Family Battle Offers Look Inside Lavish TV Ministry [Excerpts]
For 39 years, the Trinity Broadcasting Network has urged viewers to give generously and reap the Lord’s bounty in return.
The prosperity gospel preached by Paul and Janice Crouch, who built a single station into the world’s largest Christian television network, has worked out well for them.
Mr. and Mrs. Crouch have his-and-her mansions one street apart in a gated community here, provided by the network using viewer donations and tax-free earnings. But Mrs. Crouch, 74, rarely sleeps in the $5.6 million house with tennis court and pool. She mostly lives in a large company house near Orlando, Fla., where she runs a side business, the Holy Land Experience theme park. Mr. Crouch, 78, has an adjacent home there too, but rarely visits. Its occupant is often a security guard who doubles as Mrs. Crouch’s chauffeur.
The twin sets of luxury homes only hint at the high living enjoyed by the Crouches, inspirational television personalities whose multitudes of stations and satellite signals reach millions of worshipers across the globe. Almost since they started in the 1970s, the couple have been criticized for secrecy about their use of donations, which totaled $93 million in 2010.
Now, after an upheaval with Shakespearean echoes, one son in this first family of televangelism has ousted the other to become the heir apparent. A granddaughter, who was in charge of TBN’s finances, has gone public with the most detailed allegations of financial improprieties yet, which TBN has denied, saying its practices were audited and legal.
The granddaughter, Brittany Koper, and her husband have been fired by the network, which accused them of stealing $1.3 million to buy real estate and cars and make family loans. “They’re just trying to divert attention from their own crimes,” said Colby May, a lawyer representing TBN. Janice and Paul Crouch declined requests for interviews.Mr. May, the lawyer, offered a broad defense of TBN and the Crouches. He said that TBN had indeed ordained hundreds of people who felt a true “ministerial call” and that performers at Holy Land Experience, for example, were “ministers playing roles.”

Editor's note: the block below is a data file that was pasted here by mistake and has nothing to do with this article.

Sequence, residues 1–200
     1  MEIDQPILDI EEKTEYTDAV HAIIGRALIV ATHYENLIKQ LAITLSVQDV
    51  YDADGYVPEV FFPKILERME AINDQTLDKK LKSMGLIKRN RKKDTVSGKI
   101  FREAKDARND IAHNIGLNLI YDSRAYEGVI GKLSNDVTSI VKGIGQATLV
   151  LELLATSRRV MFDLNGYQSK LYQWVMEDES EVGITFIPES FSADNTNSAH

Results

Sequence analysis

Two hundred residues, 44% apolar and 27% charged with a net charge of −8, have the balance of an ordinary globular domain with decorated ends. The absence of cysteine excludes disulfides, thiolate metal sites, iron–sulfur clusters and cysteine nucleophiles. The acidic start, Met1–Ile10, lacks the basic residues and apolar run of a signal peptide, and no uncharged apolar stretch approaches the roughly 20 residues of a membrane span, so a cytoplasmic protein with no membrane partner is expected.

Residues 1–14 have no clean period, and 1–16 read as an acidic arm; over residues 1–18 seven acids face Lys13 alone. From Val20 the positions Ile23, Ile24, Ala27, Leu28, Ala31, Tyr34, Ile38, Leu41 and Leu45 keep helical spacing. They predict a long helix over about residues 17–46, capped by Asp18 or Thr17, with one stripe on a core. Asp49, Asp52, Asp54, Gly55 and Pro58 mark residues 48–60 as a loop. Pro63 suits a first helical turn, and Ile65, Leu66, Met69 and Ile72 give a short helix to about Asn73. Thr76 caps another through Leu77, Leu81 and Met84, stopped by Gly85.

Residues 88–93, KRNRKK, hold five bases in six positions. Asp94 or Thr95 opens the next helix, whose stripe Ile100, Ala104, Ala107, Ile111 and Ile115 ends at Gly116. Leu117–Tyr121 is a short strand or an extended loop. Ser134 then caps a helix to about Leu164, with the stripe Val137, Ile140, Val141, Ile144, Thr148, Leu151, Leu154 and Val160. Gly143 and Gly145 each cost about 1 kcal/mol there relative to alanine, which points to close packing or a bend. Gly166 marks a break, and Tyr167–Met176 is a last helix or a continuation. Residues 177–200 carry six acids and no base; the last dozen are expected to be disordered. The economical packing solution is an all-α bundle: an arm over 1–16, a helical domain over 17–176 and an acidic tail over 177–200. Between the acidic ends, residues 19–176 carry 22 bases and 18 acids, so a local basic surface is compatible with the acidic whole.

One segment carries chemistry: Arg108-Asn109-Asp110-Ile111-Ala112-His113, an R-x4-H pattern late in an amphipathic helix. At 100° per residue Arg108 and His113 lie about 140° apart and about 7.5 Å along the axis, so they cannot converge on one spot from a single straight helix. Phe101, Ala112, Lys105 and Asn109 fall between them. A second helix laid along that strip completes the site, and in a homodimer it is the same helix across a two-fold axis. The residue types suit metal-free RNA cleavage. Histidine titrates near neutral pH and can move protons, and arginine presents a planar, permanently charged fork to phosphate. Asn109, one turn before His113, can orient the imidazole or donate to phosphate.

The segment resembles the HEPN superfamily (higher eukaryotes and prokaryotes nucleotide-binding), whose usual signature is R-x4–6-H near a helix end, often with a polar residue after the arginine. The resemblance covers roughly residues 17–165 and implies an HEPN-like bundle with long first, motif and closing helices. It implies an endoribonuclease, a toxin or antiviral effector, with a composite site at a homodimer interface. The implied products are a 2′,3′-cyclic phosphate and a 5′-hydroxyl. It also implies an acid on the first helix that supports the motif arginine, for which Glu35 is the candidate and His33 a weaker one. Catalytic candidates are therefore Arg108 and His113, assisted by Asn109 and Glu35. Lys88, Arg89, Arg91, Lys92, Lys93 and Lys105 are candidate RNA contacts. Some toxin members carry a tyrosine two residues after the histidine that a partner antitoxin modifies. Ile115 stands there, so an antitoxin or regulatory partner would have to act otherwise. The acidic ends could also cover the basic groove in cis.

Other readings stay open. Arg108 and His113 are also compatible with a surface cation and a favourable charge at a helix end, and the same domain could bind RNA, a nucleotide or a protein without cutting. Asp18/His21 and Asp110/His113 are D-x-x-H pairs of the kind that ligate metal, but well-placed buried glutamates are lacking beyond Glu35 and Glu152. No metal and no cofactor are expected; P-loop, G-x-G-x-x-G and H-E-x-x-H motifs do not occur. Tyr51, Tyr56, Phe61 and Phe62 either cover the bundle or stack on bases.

He said that all contracts with the film company that Matthew Crouch led until mid-2010, Gener8Xion Entertainment, had been at “arm’s length” and provided good value to TBN.
Mr. May added that TBN owned so many homes because traveling employees and guests used them. He said that the remodeled house, in the Lifestyles complex in Costa Mesa, was not occupied, but used as a set for youth television programs, with the Transformers serving as props. Matthew Crouch, through the company spokesman, declined an interview request. But Gilbert J. Luft, president of the Lifestyles Homeowners Association in Costa Mesa, said that the sons were familiar residents and that the association does not permit filming there.
Extolling TBN’s prominence and programs, Mr. May said the spending that some call opulent “is necessary to convey the ministry’s position of accomplishment.”
(Exckholm, "Family Battle Offers Look Inside Lavish TV Ministry," New York Times Online, 5/4/12).